Take care to keep loans in check
Borrowings could rise rapidly
on farms that have been
culled out due to foot-and
mouth. Careful management
will be needed to prevent
this from happening, as
Suzie Horne discovers
LIVESTOCK farmers who have had their stock slaughtered in the foot-and-mouth outbreak could owe more money by this time next year than they did before the disease struck, warn agricultural bankers.
Even a business that has been mothballed needs planning and budgeting, especially those which face up to two years with no trading income and huge uncertainty over restocking costs.
"My biggest concern is that there may be some knee-jerk reaction going on. Some people are spending compensation money on doing things now that they have not been able to afford to do in the past, such as buying the new tractor or the new Land Rover," says Dick Mason, senior agricultural manager at Lloyds TSB.
"It is perfectly understandable following the ordeal of F&M and the recent years of poor profitability, but there is a great danger that they could end up in more debt than before."
A further risk is that farming families will drift back into exactly what they were doing before the outbreak, says Mr Mason.
"This wont necessarily be the right thing for them. They need to sit down and look at where they want to be in 10 years time, because some of these will be people who have been saying over the past few years that there is no future in farming and that they want to get out."
With cash-flow under severe pressure, any capital investment should be postponed until it is known in what direction the business is to go, says Lloyds TSB in a guide* published in response to customers experiences of F&M.
Approach the bank for loan restructuring and help with cash-flow management, it says. Tax payments can be deferred, including income tax, PAYE and VAT, and interest on late payment can be waived for F&M victims.
"Shut the cheque book in the drawer," advises Promar principal financial consultant John Warrington, who helped produce the guide. "While many affected farmers are earning an income from DEFRA for cleaning and disinfecting, that may end soon.
"The most effective use of compensation cash initially will be to repay borrowings, so that overheads are reduced," he says.
Where there is a surplus after this, most people have invested sensibly at relatively low risk, but some have not yet done so and need to address this, says Mr Mason.
The guide advises repaying hire purchase, leasing and point of sale credit schemes where appropriate. Tax advice on the treatment of compensation and reinvestment is essential to maximise the value from compensation, it says.
Working family tax credit should also be investigated for both farmers and employees. This benefit lasts for 26 weeks at a time, but cannot be backdated so it is important that claims are made now.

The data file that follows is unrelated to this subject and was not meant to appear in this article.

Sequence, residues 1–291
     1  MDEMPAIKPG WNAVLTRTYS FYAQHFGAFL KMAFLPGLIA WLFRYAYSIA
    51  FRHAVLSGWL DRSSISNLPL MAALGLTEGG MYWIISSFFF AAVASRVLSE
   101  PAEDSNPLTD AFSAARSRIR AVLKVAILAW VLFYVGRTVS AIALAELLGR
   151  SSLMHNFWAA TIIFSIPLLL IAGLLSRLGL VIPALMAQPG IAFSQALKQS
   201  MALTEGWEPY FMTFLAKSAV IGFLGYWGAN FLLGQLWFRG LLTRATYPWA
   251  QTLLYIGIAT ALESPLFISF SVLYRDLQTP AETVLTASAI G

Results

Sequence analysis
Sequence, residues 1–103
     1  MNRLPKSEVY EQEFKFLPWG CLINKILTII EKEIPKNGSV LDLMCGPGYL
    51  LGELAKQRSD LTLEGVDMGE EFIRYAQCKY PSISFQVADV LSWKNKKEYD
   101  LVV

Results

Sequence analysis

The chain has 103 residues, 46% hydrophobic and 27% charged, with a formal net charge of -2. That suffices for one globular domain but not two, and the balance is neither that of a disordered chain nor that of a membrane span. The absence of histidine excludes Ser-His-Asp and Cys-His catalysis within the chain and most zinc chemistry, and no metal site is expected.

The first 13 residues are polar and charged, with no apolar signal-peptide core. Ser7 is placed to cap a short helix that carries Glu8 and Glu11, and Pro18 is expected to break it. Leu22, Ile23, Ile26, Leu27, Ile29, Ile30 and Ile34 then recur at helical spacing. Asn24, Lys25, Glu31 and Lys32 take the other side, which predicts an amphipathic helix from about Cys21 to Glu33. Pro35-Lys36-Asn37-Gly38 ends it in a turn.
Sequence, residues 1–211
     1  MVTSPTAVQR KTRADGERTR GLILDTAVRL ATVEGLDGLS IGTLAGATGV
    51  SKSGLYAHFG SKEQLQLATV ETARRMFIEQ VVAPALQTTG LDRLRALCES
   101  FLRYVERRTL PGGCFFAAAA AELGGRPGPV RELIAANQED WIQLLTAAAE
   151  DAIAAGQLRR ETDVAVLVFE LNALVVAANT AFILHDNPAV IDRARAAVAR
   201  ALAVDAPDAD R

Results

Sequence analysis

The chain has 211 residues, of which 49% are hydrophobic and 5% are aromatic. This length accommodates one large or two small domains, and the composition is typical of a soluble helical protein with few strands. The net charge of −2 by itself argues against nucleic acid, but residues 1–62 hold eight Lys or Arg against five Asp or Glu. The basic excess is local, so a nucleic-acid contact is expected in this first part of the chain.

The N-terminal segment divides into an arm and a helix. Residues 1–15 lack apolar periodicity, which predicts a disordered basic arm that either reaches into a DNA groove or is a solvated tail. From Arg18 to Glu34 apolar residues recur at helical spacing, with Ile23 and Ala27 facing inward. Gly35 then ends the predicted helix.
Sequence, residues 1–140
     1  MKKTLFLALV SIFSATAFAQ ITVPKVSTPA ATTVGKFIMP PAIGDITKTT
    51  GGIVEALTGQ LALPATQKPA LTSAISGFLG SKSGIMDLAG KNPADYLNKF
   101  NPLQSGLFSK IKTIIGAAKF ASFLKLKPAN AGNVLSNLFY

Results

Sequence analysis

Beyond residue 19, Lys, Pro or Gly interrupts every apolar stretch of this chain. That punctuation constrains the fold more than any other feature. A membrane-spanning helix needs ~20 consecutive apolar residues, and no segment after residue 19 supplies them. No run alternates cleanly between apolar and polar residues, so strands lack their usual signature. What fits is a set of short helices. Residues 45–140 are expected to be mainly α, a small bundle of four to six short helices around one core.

There are several areas which may offer opportunities to cut costs or to earn extra cash (see panel). Labour is a particularly difficult area, Mr Mason acknowledges. "Understandably, you may feel tempted to create jobs, tidying up and repairing the farm, but please remember that this could prove extremely costly."
A detailed budget and cash-flow is essential for any business. But the seasonality of sheep production makes this the area where a thorough management plan is more important than ever, warns the guide – it could be 2003 before cash begins to flow again for some.
Both Mr Mason and Mr Warrington urge all those culled out by F&M to take advantage of the five days of free advice being offered by Business Link through the FBAS plus scheme.
*Foot-and-mouth disease and loss of livestock: Your guide to managing the way forward – from Lloyds TSB Bank, Business Banking Agriculture, PO Box 112, Canons House, Canons Way, Bristol, BS99 7LB (or e-mail email@example.com). *
• Preserve capital.
• Repay borrowings.
• Invest sensibly.
• Cut costs.
• Construct detailed budget + cash-flow forecast.
• Use free business advice.
WHERE TO CUT COSTS
• If restocking is likely to be delayed and the farm has arable registered land, consider increasing autumn planting to maximise 2002 IACS returns.
• If sufficient fodder can be conserved, reduce fertiliser use for the rest of the season.
• Keep fuel and repair costs down – use machinery only for essential tasks.
• Sell surplus equipment – if finance deals are still running, it may be best to repay the loan debt and buy a replacement when it is needed, so that the loan does not drain the business.
• There may be more management time available than usual – use it to check up on input costs and discounts for electricity and other utilities.
• Check miscellaneous items like monthly costing services, which could be cancelled during the inactive period – also remove any items from insurance cover which are temporarily not required.
• Rent may be deferred or reduced by negotiation. Rates on diversified businesses can be temporarily reduced – apply to Valuations Office.
• Be wary of spending on major items but do not neglect essential maintenance of parlours and machinery mill-and-mix units, feeder wagons and bulk tanks.
• Are there opportunities to contract out farm staff to local farmers or contractors?
• Could you reduce hours to a minimum with lower income levels?
• Can the business really afford to keep people if restocking is a long way off?